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As an entrepreneur, you often see opportunities outside the Netherlands. Perhaps foreign customers are even more into your products than Dutch ones. A first step can be the transportation of products to a foreign agent who will sell them for you. This is where VAT comes into the picture. Using a few examples, and a change as of January 1, 2020, I will show what you should pay attention to.
Sale on the market
A simple example of showing how VAT works when selling abroad is market vendor selling abroad. A Dutch entrepreneur drives their van full of products to Germany, unloads them and sells them at a market. At the end of the day, they drive back to the Netherlands with an empty van.
The moment the Dutch entrepreneur crosses the border, there is a VAT chargeable event. The transfer of personal goods from the Netherlands to Germany is so-called notional intra-Community supply. The entrepreneur reports this transfer in his Dutch VAT return as if they have sold the goods to a foreign entrepreneur. The sales in Germany are then taxed with German VAT. The Dutch entrepreneur therefore needs a German VAT number to pay the German VAT due. They also provide their German VAT number as recipient of the notional intra-Community supply.
Sales through a representative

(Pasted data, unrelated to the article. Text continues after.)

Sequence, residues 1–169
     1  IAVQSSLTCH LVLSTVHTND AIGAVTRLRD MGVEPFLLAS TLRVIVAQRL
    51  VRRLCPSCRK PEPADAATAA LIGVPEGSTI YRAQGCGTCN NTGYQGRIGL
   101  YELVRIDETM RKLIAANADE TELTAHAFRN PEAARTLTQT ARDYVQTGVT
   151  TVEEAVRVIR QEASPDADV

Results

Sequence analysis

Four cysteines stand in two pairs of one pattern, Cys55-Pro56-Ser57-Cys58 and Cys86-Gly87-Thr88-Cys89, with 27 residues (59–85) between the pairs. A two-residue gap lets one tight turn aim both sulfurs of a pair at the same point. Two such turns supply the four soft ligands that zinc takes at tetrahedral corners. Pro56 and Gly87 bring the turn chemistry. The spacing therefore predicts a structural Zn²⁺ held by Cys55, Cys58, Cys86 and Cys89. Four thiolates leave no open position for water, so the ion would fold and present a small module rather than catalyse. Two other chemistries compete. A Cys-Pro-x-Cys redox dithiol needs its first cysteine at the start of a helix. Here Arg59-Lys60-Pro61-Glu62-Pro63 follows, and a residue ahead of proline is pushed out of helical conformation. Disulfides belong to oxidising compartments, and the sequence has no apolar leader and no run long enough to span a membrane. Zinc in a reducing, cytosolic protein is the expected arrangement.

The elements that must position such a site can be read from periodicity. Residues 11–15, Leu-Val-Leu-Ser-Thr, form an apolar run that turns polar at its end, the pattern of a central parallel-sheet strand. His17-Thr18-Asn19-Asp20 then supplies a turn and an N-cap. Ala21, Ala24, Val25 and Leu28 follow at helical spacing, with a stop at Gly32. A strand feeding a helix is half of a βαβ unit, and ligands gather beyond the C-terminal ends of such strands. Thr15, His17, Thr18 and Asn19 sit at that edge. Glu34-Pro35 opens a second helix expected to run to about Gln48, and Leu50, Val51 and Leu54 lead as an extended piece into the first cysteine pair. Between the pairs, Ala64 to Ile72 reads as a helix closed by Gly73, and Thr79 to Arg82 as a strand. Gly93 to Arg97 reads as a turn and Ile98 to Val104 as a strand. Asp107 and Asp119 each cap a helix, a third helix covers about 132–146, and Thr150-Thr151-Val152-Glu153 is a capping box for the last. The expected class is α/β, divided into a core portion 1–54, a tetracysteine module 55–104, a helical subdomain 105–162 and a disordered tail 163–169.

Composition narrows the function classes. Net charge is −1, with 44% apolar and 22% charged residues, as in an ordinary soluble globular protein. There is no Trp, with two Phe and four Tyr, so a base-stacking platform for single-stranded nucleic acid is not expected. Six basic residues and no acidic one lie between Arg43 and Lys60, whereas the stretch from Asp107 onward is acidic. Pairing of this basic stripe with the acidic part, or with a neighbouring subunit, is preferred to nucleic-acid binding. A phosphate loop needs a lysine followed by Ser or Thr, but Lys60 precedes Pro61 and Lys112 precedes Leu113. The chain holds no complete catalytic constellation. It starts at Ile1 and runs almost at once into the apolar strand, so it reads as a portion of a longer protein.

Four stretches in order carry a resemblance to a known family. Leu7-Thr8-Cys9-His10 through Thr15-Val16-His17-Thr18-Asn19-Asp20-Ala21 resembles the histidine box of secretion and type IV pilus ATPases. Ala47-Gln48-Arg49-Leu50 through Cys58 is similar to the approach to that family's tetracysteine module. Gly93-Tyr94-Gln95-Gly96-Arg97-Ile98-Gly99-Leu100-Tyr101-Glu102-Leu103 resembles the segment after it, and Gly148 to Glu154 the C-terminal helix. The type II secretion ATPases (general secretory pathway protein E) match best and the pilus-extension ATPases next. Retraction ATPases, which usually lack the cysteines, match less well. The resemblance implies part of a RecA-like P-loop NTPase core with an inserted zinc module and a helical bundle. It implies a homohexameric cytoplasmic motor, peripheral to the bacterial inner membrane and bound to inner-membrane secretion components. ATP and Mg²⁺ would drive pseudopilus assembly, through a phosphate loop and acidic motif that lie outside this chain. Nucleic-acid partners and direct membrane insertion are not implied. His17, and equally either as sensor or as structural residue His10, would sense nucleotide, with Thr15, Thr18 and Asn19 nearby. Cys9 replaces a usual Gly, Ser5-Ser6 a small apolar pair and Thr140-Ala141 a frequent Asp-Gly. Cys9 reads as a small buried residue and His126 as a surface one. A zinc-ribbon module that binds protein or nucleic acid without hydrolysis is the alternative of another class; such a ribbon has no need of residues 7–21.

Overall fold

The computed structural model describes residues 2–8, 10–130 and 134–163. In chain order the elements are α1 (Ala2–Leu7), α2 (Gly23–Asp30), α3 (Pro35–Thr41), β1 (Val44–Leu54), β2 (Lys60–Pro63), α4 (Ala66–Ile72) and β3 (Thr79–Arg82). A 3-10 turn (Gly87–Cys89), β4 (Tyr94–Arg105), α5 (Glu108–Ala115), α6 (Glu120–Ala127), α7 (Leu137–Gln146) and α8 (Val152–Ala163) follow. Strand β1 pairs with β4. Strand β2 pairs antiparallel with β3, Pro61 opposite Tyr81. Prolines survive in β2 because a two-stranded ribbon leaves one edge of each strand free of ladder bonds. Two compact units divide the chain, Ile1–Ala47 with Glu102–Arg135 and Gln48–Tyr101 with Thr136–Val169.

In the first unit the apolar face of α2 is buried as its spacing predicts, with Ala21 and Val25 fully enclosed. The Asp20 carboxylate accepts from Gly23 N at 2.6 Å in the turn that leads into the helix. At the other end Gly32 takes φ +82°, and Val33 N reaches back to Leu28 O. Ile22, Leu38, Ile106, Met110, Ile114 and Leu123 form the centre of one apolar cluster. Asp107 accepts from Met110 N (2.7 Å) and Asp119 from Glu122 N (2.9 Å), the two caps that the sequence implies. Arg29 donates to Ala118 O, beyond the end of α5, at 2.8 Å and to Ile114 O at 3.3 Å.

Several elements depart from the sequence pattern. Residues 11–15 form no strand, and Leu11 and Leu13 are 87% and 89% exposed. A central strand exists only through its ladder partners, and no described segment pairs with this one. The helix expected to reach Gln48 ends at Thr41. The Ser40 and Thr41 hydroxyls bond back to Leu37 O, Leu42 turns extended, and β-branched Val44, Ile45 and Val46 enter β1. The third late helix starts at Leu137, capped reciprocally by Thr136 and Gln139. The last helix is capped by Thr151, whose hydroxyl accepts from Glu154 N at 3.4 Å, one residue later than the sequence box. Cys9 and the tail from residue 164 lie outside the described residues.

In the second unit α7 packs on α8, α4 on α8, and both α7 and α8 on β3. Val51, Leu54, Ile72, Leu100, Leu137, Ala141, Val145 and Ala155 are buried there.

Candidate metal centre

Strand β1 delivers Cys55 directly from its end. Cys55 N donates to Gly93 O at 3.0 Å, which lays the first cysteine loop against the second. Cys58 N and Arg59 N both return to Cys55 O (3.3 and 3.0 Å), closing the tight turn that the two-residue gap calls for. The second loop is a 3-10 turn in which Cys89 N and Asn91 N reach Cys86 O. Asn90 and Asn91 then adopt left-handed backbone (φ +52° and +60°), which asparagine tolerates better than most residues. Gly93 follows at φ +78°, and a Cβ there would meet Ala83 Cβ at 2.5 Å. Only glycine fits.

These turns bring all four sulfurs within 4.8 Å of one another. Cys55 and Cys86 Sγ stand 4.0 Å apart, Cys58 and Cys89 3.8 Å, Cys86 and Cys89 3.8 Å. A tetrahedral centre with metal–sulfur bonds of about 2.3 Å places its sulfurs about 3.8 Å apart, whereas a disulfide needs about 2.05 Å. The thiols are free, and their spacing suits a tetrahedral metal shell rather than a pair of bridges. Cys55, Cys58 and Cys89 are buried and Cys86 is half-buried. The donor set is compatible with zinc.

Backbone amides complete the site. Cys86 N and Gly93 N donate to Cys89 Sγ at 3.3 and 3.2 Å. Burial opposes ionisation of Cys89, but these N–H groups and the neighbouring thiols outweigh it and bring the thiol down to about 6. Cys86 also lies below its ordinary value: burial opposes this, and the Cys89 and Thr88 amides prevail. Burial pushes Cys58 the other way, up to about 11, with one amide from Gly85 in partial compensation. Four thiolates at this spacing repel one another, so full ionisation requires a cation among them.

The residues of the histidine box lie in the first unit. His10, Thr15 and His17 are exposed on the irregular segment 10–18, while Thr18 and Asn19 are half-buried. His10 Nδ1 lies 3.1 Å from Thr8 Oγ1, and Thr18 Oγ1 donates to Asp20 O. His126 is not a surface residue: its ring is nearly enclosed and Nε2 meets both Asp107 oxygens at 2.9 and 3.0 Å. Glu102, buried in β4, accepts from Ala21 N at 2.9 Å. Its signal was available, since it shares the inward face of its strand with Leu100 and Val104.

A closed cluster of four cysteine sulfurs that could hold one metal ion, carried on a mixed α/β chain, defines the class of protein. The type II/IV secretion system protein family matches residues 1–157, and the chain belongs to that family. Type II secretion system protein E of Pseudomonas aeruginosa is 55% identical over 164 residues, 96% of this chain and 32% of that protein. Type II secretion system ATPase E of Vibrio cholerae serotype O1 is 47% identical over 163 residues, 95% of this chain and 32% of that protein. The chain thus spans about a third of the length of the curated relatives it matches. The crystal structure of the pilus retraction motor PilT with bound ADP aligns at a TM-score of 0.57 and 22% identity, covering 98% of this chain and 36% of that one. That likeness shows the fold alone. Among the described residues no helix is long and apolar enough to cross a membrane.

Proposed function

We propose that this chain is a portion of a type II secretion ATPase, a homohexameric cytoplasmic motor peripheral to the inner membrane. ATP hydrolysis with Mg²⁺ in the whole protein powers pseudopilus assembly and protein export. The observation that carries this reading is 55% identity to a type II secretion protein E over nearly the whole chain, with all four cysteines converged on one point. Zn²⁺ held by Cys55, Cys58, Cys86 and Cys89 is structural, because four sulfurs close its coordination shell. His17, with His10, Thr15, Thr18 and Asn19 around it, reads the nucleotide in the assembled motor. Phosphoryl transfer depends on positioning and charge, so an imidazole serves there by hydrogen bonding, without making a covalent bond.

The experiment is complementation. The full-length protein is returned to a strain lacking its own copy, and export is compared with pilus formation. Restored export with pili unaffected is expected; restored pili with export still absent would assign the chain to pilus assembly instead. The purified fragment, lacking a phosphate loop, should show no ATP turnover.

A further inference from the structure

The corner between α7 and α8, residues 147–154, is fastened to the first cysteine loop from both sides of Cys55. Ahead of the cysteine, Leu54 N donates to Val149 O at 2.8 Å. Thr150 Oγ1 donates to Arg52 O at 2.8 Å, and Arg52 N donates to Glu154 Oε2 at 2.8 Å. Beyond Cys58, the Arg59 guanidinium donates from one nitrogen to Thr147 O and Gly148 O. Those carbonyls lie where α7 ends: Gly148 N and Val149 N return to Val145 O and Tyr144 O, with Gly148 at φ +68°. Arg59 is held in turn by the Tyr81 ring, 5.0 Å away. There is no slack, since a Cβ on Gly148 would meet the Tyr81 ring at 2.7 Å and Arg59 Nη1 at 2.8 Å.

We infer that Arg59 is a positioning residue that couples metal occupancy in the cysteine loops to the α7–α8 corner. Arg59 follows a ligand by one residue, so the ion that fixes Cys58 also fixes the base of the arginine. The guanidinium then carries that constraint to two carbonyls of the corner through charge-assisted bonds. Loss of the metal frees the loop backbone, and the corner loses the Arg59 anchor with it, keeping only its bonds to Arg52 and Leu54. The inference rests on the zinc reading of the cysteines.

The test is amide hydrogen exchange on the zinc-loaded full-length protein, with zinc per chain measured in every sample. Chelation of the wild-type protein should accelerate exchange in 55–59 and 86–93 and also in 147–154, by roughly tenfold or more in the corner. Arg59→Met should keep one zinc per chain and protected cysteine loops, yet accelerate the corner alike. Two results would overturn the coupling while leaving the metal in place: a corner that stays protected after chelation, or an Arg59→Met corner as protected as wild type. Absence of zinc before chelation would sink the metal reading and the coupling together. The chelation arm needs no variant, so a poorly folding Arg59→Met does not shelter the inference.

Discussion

Doing business yourself abroad is not for every entrepreneur because of cultural differences, for example. It is therefore often the case that Dutch entrepreneurs appoint an agent who sells products for them abroad. In the example, I assume that it is an agent in Germany who sells goods to foreign customers in their own name. Usually, the agent does not want to pre-finance inventory, so that the Dutch entrepreneur brings stock abroad, but still remains its owner. Here, too, there is notional intra-Community supply and subsequent sale to the agent with German VAT. In this situation, the Dutch entrepreneur must therefore also register for VAT in Germany.
Call off stock
In the aforementioned examples, registration abroad is an obstacle to international trade. The European Commission has also seen this, so that as of 1 January 2020 there has been a simplification within the EU for so-called call-off stocks. The conditions of the call-off stock arrangement are:
the entrepreneur who transfers the goods is not established in the country of arrival of the goods;
the entrepreneur for whom the goods are intended, is known in advance and is registered for VAT in the country of arrival of the goods;
The withdrawal from stock must take place within one year after transfer.
If the conditions have been met, the transfer abroad is not notional intra-Community supply. Instead, when goods are withdrawn from stock, there is “normal” intra-Community supply, which is subject to a 0% charge. This removes the need for registration abroad. In the example of sales through an agent, this can be a way of simplifying sales abroad for the purposes of VAT.
Expansion of your business activities abroad can have a considerable impact on VAT. By examining the consequences in advance and possibly changing the method of sale abroad, you can prevent penalties and fines there. Since January 1, when keeping stock abroad, there are more options of avoiding having to register for VAT there.